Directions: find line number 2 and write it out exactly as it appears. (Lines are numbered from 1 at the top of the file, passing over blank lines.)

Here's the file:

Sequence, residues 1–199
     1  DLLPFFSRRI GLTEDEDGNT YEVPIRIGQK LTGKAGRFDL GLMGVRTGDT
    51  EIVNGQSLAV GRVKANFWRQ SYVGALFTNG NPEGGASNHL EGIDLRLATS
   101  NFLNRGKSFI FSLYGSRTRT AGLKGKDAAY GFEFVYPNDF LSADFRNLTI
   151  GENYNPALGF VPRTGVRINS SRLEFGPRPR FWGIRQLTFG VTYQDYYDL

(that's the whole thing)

     1  DLLPFFSRRI GLTEDEDGNT YEVPIRIGQK LTGKAGRFDL GLMGVRTGDT